Earlier this month, we published renders from a marketing video we obtained of Google’s upcoming Android TV dongle, code-named “Sabrina.” We obtained the marketing video from a pre-release firmware build. What we didn’t initially realize, though, is that the firmware also contains evidence of upcoming hardware features.
If you’re looking for a recap of what we know so far about the design and software experience of Google’s Android TV dongle, then I recommend either reading my initial coverage or watching the following YouTube video from XDA’s TK Bay.
XDA Recognized Developer deadman96385, who shared the pre-release firmware build for “Sabrina” with us, discovered some of the Android TV dongle’s hardware specifications by examining the “Device Tree Source” (DTS) files contained within the boot image. The files specify which hardware features of the SoC platform to enable when booting.
Since the main DTS file is very long (~4,200 lines) and difficult to parse without knowledge of Linux kernel development for Android, I won’t be posting the full file in this article. At the very top of the file, though, we can see two key details of the “Sabrina” Android TV dongle device: It has 2GB of RAM (sml_sabrina_2g) and is powered by the Amlogic S905X2 system-on-chip (the reference to g12a below and multiple references to the code-name “meson” not shown below confirm this).
The Amlogic S905X2 is fabricated on a 12nm manufacturing process and has a quad-core CPU with 4 ARM Cortex-A53 CPU cores clocked at up to 1.8GHz. The CPU is joined by an ARM Mali-G31 MP2 GPU. The SoC supports video decoding for 4Kp75 10-bit H.265 content, video output at up to 4Kp60 over HDMI 2.1, HDR video playback with HDR10, HLG, and Dolby Vision, and more.
The S905X2 is a very popular SoC for Android TV devices, so we’re not surprised to see it power Google’s Android TV dongle. Here’s a partial list of certified Android TV devices with this SoC platform, thanks to our friend @AndroidTV_Rumor:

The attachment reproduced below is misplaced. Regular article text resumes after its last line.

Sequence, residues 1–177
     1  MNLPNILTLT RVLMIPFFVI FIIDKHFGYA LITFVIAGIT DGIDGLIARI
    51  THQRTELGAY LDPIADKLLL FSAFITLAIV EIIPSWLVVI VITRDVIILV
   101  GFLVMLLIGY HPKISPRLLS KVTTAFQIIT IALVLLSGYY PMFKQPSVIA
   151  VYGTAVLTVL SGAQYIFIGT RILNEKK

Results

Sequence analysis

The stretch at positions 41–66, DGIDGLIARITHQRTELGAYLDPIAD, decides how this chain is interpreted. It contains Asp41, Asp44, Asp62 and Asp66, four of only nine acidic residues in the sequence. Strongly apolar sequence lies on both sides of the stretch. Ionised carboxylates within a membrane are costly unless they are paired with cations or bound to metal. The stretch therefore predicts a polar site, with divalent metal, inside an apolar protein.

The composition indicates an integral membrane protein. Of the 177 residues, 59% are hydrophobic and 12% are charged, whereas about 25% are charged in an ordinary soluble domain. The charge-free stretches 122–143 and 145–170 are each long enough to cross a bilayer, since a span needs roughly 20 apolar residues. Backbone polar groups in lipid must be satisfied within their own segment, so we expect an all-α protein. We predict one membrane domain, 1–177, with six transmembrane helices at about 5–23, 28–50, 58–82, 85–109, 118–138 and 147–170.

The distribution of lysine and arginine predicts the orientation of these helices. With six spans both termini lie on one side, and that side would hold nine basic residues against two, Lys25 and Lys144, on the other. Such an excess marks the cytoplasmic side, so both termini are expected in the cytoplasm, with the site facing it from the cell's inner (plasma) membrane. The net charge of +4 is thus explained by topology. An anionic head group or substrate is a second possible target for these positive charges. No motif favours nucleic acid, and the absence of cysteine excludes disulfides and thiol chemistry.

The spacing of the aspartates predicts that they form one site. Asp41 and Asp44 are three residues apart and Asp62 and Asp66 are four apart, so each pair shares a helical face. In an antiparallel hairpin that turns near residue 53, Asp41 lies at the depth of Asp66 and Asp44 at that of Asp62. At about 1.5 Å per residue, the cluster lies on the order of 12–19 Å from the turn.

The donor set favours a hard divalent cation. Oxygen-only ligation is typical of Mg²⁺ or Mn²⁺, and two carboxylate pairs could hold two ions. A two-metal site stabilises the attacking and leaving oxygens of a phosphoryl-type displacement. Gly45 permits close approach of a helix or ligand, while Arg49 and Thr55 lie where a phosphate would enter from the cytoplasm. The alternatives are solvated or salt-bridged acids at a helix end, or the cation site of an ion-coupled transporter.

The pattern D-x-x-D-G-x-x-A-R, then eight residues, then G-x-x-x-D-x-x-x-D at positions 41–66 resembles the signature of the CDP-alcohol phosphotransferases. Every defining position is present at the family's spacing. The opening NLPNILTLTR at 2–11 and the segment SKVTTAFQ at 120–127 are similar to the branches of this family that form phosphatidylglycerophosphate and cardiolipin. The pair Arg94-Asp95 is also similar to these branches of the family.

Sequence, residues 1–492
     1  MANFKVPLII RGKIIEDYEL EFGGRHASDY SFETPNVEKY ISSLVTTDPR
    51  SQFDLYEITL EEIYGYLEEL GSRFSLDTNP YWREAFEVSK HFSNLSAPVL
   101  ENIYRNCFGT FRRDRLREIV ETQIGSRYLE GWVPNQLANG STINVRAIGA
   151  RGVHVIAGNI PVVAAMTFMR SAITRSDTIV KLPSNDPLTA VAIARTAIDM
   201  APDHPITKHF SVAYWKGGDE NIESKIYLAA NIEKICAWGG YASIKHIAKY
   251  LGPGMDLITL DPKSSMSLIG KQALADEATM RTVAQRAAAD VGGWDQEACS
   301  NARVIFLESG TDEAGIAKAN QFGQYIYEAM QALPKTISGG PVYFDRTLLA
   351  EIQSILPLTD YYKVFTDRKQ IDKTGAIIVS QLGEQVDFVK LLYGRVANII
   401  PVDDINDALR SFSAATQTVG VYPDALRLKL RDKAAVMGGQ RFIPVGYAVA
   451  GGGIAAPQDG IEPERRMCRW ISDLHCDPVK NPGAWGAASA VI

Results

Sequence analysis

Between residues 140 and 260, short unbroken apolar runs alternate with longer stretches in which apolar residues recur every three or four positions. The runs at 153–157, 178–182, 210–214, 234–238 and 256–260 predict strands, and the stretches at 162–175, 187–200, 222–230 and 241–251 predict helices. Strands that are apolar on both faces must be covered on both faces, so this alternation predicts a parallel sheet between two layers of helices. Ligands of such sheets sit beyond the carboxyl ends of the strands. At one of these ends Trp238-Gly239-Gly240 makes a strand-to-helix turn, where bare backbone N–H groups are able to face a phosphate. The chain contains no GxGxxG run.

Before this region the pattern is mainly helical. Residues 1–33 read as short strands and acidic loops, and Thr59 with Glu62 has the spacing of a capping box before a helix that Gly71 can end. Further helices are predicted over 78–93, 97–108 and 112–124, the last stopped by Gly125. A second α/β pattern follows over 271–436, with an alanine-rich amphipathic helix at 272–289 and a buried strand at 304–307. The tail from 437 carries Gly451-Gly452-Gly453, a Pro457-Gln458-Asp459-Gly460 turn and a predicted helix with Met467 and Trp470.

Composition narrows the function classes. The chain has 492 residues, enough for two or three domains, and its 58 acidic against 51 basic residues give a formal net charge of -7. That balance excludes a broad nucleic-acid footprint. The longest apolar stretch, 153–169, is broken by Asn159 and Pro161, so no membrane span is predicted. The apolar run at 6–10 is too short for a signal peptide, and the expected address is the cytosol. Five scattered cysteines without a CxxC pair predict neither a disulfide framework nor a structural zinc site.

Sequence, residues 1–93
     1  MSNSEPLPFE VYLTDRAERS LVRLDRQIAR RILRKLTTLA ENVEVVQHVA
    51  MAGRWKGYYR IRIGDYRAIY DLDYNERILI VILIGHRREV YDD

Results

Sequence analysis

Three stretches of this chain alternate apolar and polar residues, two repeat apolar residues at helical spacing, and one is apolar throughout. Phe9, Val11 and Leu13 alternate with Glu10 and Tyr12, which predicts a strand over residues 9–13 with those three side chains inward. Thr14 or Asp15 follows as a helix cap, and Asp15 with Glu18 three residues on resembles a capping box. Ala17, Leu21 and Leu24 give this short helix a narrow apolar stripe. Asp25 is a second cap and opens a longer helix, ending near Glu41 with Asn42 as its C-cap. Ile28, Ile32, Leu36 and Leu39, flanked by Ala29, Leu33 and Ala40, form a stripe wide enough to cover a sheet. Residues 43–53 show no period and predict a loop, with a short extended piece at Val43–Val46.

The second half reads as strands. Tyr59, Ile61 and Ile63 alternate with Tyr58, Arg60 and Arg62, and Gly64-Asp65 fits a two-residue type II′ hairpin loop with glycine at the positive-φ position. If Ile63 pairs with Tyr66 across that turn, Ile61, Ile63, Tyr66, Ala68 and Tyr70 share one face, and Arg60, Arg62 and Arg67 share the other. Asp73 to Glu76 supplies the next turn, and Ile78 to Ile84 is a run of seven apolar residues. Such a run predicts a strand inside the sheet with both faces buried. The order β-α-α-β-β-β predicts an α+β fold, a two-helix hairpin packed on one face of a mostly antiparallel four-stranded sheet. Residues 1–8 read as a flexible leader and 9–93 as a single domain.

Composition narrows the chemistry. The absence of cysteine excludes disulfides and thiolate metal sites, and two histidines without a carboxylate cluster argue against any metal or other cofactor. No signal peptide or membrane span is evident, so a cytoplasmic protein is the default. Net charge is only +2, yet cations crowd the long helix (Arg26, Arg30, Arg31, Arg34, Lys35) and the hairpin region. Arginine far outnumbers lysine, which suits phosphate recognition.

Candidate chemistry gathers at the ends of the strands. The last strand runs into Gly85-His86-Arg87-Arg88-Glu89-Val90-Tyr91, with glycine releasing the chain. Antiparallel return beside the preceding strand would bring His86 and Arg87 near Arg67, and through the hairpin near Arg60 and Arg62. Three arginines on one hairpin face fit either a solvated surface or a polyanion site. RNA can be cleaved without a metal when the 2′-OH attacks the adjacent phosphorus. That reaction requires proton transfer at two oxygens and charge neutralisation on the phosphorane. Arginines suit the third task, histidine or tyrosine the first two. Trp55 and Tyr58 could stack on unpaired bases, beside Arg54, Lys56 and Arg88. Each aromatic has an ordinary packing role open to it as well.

Other Android TV devices with the Amlogic S905X2 SoC
XDA Recognized Developer deadman96385 also found some other interesting features of Google’s Android TV dongle in a pre-installed system application called “SabrinaService.” Within this application are references to “ALLM,” which stands for “Auto Low Latency Mode.” This is a feature of the HDMI 2.1 specification that allows the device to send a signal to the connected TV to get it to disable any post-processing features that might add latency to displaying the video. A lot of televisions will market this feature as a “Game Mode” because it’s most useful for reducing lag when gaming. To be clear, the user’s television will need to have a low-latency “Game Mode” for this to work, but ALLM support means that Google’s Android TV dongle will be able to toggle this mode automatically.
I wouldn’t be surprised if this feature is being added to support Google’s cloud game streaming service, Stadia. We first reported that Google planned to bring Stadia support to Android TV in 2020, so it would make sense for Google’s own Android TV dongle to be the first device to support the company’s own cloud game streaming service. The latest update to Stadia enables experimental Android TV support, but the setup process is a bit janky at the moment. Very few existing Android TV set-top boxes or dongles support Auto Low Latency Mode, according to our friend @AndroidTV_Rumor. Sony’s 2018 and Philips’ 2020 televisions with built-in Android TV support low-latency gaming modes, though.
Another interesting class in SabrinaService called “GlobalKeyReceiver” hints at the remote having a Netflix button, YouTube button, and a microphone.
There’s code that suggests long-press action support on one of the keys, which could be for the mysterious button with the star symbol that showed up in the render of the remote we published earlier.
Another class in SabrinaService reveals that the dedicated remote likely connects to the device via Bluetooth, which is unsurprising. (DFU in the below screenshot refers to “Device Firmware Update.”)
We still don’t know when Google’s Android TV dongle will launch or what it will be priced at, but we’re definitely excited about it coming to market. We’re long overdue for more competition in the consumer Android TV space which is currently propped up by Xiaomi and NVIDIA.
Thanks to PNF Software for providing us a license to use JEB Decompiler, a professional-grade reverse engineering tool for Android applications.